September 17th is Constitution Day, commemorating the day in 1787 when, at the end of a long hot summer of discussion, debate and deliberation, the delegates to the Constitutional Convention signed America's most important document.
This September we are highlighting these topics:
- National Hispanic Heritage Month
- National Arts in Education Week
- Patriot Day & National Day of Service and Remembrance
- Constitution Day
- Autumnal Equinox
- Financial Literacy
- National Deaf Awareness Month
Since 1988, the U.S. Government has set aside the period from September 15 to October 15 as National Hispanic Heritage Month to honor the many contributions Hispanic Americans have made and continue to make to the United States of America. Our Teacher's Guide brings together resources created during NEH Summer Seminars and Institutes, lesson plans for K-12 classrooms, and think pieces on events and experiences across Hispanic history and heritage.
Using archival material, students will associate Francis Scott Key's Star Spangled Banner with historic events and recognize the sentiments those words inspired. Students will explore the symbolic nature of the American flag.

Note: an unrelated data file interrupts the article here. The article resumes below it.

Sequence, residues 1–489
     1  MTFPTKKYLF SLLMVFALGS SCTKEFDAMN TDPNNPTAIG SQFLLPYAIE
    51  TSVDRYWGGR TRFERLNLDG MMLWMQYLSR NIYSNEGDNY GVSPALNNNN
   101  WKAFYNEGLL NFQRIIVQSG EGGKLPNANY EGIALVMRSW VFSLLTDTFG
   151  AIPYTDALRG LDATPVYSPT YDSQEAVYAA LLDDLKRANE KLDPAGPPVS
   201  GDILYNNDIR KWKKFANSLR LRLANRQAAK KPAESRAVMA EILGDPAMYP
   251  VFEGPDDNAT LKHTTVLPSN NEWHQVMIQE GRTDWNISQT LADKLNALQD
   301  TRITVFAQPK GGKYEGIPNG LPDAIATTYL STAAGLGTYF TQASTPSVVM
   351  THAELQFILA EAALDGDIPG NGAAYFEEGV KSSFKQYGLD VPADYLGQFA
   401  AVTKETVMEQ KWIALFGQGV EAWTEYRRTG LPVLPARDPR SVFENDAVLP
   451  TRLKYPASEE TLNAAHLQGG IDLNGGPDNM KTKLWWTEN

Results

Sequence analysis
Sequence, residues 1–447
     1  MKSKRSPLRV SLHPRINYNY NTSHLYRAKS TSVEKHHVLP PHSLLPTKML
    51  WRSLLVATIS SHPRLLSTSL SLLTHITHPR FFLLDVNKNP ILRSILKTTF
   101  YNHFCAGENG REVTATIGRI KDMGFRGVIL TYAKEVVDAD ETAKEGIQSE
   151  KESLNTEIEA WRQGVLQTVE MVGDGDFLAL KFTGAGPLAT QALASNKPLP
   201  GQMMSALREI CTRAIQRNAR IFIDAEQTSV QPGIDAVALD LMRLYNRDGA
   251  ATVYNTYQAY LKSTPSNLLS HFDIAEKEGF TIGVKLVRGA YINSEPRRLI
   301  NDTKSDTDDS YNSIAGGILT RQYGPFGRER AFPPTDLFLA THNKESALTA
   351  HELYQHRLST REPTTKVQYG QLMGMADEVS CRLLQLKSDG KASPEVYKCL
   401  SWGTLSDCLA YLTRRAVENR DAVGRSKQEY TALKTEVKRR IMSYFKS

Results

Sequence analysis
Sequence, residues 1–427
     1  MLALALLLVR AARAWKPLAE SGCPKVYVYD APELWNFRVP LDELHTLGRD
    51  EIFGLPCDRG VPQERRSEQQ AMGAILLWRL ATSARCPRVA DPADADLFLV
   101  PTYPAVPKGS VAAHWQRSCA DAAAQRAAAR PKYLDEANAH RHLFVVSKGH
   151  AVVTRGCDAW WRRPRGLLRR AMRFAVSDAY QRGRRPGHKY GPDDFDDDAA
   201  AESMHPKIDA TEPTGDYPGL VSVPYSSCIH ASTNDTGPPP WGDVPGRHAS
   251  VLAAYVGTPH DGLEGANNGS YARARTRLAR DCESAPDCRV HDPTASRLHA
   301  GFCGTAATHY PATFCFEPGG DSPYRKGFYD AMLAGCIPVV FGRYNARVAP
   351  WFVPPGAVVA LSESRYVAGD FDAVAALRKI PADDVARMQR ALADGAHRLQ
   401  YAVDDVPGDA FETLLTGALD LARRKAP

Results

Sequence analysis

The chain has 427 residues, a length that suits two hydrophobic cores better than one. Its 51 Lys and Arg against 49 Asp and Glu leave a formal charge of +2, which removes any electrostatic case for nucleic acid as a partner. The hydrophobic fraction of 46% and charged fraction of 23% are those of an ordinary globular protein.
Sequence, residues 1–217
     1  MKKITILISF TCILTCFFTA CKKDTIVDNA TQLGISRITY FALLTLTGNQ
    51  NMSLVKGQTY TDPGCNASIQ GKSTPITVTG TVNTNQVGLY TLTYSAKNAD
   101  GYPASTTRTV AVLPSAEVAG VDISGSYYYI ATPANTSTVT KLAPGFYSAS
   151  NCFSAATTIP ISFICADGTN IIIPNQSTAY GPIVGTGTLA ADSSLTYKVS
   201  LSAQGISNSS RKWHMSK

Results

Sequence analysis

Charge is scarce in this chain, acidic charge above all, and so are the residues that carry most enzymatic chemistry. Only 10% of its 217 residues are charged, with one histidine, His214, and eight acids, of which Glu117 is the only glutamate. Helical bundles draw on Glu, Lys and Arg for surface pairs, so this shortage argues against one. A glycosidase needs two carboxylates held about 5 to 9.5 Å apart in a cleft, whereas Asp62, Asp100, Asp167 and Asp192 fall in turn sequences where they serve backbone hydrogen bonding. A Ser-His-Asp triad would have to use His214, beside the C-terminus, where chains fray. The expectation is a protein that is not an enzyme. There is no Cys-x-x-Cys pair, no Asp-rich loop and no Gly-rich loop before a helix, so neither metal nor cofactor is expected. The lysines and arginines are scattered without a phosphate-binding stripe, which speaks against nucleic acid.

The Preamble is the introduction to the United States Constitution, and it serves two central purposes. First, it states the source from which the Constitution derives its authority: the sovereign people of the United States. Second, it sets forth the ends that the Constitution and the government that it establishes are meant to serve.
Students will examine the lyrics and context surrounding three country songs related to the 9/11 attacks: Alan Jackson's "Where Were You When the World Stopped Turning?" Brooks and Dunn's "Only in America," and Toby Keith's "Courtesy of the Red, White, and Blue." Through the lens of these songs, they consider ways Americans reacted to the tragedy of September 11th, and discuss whether some reactions might be more appropriate than others.